As another Valentine's Day rolls around, the sight of cheap, fluffy pink and red tat on the high street is enough to make any self-respecting single person puke.
Sure, love is great, but where's the day dedicated to those who can spread their legs out like a starfish across their bed without hitting another person in the face? Or for people who have absolutely no obligations to another person on the planet, and waste zero energy on wondering how your texts are being interpreted?
But, according to the studies below, the joke's on those sickening loved-up couples, because while being in a partnership does have its perks, the single life can also boost a person's well-being.
You are more likely to exercise
People in relationships are less likely to hit the recommended target of 150 minutes of physical activity a week than those who are single, according to a 2011 survey by the Department of Health.
At the time, only 27 per cent of adults hit these guidelines. Of those who failed, over three quarters of men and 63% of women were married. That was compared with only a quarter of single or divorced men and 33% women, The Telegraph reported.
You are less likely to be obese
Men and women who went from being single and or dating to in a relationship were over two times more likely to be obese, according to researcher carried out for the US National Institutes of Health. The 2010 study published in the journal Obesity also showed that married or cohabiting partners were less healthy than couples who were still dating, in terms of their levels of exercise, their weight, and how long they spent watching TV and gaming.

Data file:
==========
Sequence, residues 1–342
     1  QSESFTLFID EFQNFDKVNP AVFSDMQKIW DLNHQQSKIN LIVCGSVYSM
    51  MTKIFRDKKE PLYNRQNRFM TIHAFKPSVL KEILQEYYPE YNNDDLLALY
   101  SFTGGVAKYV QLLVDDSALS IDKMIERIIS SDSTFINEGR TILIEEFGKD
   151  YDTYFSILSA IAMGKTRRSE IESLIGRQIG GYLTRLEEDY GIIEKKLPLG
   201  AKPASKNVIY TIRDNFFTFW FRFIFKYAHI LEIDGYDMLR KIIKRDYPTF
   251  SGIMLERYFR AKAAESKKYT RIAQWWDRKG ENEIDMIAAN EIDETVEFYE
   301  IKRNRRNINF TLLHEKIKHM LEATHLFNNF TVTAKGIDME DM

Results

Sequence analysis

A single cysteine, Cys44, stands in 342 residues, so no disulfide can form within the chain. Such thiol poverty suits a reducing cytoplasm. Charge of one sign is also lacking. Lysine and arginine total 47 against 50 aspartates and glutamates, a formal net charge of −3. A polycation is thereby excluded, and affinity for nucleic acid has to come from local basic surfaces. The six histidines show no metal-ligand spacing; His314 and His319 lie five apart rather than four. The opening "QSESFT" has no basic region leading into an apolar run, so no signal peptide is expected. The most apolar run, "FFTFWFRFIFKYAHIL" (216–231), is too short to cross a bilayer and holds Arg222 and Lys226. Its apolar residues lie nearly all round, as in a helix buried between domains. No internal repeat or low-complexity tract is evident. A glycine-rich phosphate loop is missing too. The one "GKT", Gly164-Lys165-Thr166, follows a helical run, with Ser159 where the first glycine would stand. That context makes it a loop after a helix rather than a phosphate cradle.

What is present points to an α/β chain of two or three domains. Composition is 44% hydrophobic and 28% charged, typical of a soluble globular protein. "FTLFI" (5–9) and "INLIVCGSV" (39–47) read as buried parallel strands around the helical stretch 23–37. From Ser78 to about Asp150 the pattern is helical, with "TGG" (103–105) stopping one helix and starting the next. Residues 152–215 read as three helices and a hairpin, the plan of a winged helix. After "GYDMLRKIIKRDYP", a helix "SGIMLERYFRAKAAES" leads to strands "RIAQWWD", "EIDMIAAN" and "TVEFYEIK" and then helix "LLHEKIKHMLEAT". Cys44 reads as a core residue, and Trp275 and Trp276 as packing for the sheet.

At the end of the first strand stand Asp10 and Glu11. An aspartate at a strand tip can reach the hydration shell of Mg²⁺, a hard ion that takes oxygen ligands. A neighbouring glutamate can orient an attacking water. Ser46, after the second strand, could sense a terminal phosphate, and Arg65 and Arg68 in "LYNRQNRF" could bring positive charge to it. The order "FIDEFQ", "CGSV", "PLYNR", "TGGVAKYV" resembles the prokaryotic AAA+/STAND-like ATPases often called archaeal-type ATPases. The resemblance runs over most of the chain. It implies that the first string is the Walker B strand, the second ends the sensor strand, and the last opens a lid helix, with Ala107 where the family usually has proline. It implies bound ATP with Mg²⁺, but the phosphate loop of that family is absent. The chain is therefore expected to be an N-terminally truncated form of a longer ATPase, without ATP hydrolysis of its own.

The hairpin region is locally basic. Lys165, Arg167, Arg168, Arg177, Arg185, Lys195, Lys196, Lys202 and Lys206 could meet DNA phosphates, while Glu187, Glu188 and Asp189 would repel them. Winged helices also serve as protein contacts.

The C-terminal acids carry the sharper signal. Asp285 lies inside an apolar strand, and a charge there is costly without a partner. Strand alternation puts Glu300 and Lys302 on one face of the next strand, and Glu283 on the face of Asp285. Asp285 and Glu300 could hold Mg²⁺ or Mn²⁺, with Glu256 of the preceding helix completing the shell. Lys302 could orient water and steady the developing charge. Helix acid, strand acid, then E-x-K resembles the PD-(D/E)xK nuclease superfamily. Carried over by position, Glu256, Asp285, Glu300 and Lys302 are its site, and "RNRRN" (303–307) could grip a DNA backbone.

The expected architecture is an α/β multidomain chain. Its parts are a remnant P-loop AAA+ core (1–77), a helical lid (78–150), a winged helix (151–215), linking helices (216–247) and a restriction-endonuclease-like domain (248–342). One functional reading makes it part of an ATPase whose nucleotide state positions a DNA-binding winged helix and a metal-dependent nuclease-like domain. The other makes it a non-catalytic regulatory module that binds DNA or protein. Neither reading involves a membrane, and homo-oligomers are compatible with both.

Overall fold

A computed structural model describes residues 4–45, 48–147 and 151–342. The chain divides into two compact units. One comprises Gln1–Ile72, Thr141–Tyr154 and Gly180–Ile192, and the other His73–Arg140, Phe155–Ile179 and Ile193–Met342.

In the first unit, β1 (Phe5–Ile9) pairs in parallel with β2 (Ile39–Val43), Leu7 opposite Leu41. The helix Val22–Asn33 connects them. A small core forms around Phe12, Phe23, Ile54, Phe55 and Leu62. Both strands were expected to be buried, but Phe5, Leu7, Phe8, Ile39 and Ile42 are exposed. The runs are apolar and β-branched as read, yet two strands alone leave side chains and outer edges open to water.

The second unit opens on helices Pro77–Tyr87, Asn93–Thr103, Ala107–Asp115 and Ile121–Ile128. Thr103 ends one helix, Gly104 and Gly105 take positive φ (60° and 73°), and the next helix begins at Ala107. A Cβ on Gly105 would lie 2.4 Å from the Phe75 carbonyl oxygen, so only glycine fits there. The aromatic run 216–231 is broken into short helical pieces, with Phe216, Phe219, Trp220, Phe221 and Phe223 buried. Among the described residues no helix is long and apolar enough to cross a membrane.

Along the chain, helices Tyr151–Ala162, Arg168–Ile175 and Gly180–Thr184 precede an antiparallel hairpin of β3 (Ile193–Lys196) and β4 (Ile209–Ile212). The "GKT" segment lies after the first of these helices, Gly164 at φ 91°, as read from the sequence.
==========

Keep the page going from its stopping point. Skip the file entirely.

A separate 2013 study published in the journal Health Psychology showed that "spouses in satisfying relationships relax their efforts to maintain their weight because they are no longer motivated to attract a mate".
You sleep better
Anyone who has had to wrestle the covers from their partner at 3am will know that sharing a bed can disturb a good night's sleep.
"People with obstructive sleep apnoea can make a great deal of noise and are very restless, which can disturb their partner," Dr Steven Scharf director of the University of Maryland Sleep Disorders Center, told the Sydney Morning Herald. Dr Scharf added that in these cases, partners can end up sleeping in separate rooms.
And a survey by Amerisleep found that single people slept better than even people who reported they were in happy relationships.
You are happier
Research suggests that being married can impact a woman's happiness. A 2016 meta analysis of thousands of studies by psychologist Bella DePaulo, who has written extensively about relationships, showed that single people have a better relationship with their parents, siblings and friends and appear to be happier overall.
She told Today.com: "There are people who thrive on solitude and get important benefits from it like spirituality, creativity and rejuvenation. They're not single because they have 'baggage' or 'issues'."
You drink less
A 2016 study published in the Journal of Women's health followed over 79,000 women aged between 50 and 79 in the US. It showed that divorcees and singles were less likely to drink than their married counterparts.